2 Easy Meditation Practices to Soothe Holiday Heartache

December 14, 2015
by Benjamin W. Decker for Thrive Market
2 Easy Meditation Practices to Soothe Holiday Heartache

As we get ready to see our families over the holidays, we often put pressure on ourselves to uphold certain expectations. Getting inundated with advertisements encouraging us to spend money we don't have on things we don't need doesn't help.

When venturing into this blitz of hectic travel and consumerism, mindfulness can serve as something of a secret weapon. But what about the melancholia that seems to come along with this time of year? Between the harsh reality of family reunions and frigid weather, it's easy to dwell on all that's changed—of the long-gone "good old days," loved ones who aren't around anymore, and any number of other hardships.

I'd like to introduce to you, the antidote to holiday heartache: Heartfulness.

Like its cousin, mindfulness, heartfulness is a state of open, active awareness on the present moment and the dynamics at play in every circumstance. What makes heartfulness unique is love. When you're being heartful, you're making the decision to maintain a compassionate perspective. Spiritual author Marianne Williamson says, "Until we have seen someone's darkness, we don't really know who they are. Until we have forgiven someone's darkness, we don't really know what love is." Heartfulness is more than taking the spiritual high road—it's the release of all judgment, the full acceptance of another, and the loving understanding that we never really know all of what another soul is going through.

Here are two different ways to give it a try.

Heartfulness as emotional first aid

When to do it:

  • When someone has hurt or offended you; or when you have hurt or offended someone.
  • When someone else's sadness, frustration, anger, impatience, or depression affects you; or when your sadness, frustration, anger, impatience or depression affects others.
  • When you're feeling disconnected from others.

What to do:

  1. Pause. Stop what you're doing. Take a few deep breaths to dilute any stress that's been released into your system.
  2. Take a moment to remind yourself of what's important to you: relationships, safety, love, etc.
  3. Bring to mind images of friends and family laughing, smiling, in their most sincere, loving, generous, vulnerable, innocent, open state. Sit with this. Feel that warmth and appreciation that naturally comes along with these images.
  4. Bring to mind images of yourself. See yourself laughing, smiling, in your most sincere, loving, generous, vulnerable, innocent, open state. Have compassion for yourself.
  5. Bring to mind images of those who have hurt you. Continue those deep breaths and begin to envision them laughing, smiling, in their most sincere, loving, generous, vulnerable, innocent, open state. Show them compassion in your heart.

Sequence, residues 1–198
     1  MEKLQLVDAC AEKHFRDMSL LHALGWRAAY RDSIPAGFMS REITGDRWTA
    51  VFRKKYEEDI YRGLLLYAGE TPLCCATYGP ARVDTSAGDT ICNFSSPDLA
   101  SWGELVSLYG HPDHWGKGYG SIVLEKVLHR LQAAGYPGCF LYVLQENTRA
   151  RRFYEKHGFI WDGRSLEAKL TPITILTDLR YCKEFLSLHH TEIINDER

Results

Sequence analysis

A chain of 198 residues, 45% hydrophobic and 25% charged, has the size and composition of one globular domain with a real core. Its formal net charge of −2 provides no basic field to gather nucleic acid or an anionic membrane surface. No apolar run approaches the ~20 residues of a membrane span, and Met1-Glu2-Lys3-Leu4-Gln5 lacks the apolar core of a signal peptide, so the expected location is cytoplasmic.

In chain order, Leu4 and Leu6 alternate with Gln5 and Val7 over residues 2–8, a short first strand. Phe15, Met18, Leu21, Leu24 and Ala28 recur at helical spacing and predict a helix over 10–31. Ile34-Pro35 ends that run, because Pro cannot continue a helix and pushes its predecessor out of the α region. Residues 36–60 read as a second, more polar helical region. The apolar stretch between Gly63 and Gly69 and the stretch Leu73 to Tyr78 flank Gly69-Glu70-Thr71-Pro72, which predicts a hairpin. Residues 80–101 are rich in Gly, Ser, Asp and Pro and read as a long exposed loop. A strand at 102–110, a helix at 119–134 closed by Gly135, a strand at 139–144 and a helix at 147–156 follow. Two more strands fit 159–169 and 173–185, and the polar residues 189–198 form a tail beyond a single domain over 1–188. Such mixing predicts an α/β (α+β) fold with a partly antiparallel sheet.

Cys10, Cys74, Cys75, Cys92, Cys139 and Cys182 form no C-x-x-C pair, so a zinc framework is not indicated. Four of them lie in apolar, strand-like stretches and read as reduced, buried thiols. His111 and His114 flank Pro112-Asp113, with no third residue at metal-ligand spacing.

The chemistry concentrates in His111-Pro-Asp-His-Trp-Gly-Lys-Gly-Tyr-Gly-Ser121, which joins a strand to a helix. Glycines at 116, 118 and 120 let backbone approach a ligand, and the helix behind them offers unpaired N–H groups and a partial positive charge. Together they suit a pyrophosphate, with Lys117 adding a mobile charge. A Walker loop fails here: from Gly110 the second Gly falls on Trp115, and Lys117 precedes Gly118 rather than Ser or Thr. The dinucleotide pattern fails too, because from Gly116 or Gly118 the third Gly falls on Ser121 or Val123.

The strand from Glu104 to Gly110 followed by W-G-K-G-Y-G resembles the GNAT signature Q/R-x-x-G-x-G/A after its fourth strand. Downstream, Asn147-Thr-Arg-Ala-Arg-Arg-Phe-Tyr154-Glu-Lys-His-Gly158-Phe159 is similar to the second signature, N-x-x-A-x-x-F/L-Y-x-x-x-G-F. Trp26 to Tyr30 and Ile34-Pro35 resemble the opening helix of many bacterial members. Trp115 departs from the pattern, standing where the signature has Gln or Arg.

6. Return to your day, intentionally maintaining that heartful compassion.

Heartfulness as a daily practice

When to do it:

  • First thing in the morning, after you've showered, brushed your teeth, made your bed, and gotten ready to go out in the world. It's a chance to take a moment to set the tone for your day.
  • Last thing in the evening, before you go to bed, right before or after your bedtime routine.
  • In the middle of the day, when you've got some free time.

What to do:

  1. Find a comfortable seat. Close your eyes. Take a few deep breaths.
  2. Remind yourself of what is important to you: relationships, safety, love, etc.
  3. Bring to mind images of friends and family laughing, smiling, in their most sincere, loving, generous, vulnerable, innocent, open state. Sit with this. Feel that warmth and appreciation that naturally comes along with these images.
  4. Bring to mind images of yourself. See yourself laughing, smiling, in your most sincere, loving, generous, vulnerable, innocent, open state.
  5. Bring to mind images of those who have hurt you. Continue those deep breaths and begin to envision them laughing, smiling, in their most sincere, loving, generous, vulnerable, innocent, open state.
  6. Bring to mind images of those you see on a regular basis, in passing, at work, in social circles—the neutral group you interact with in the periphery of daily life. Envision them laughing, smiling, in their most sincere, loving, generous, vulnerable, innocent, open state.
  7. Take a deep breath, open your eyes, and return to your day.

Photo credit: Alicia Cho

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This article is related to: Anxiety, Love, Meditation, Mental Health, Mindfulness, Stress, Heart

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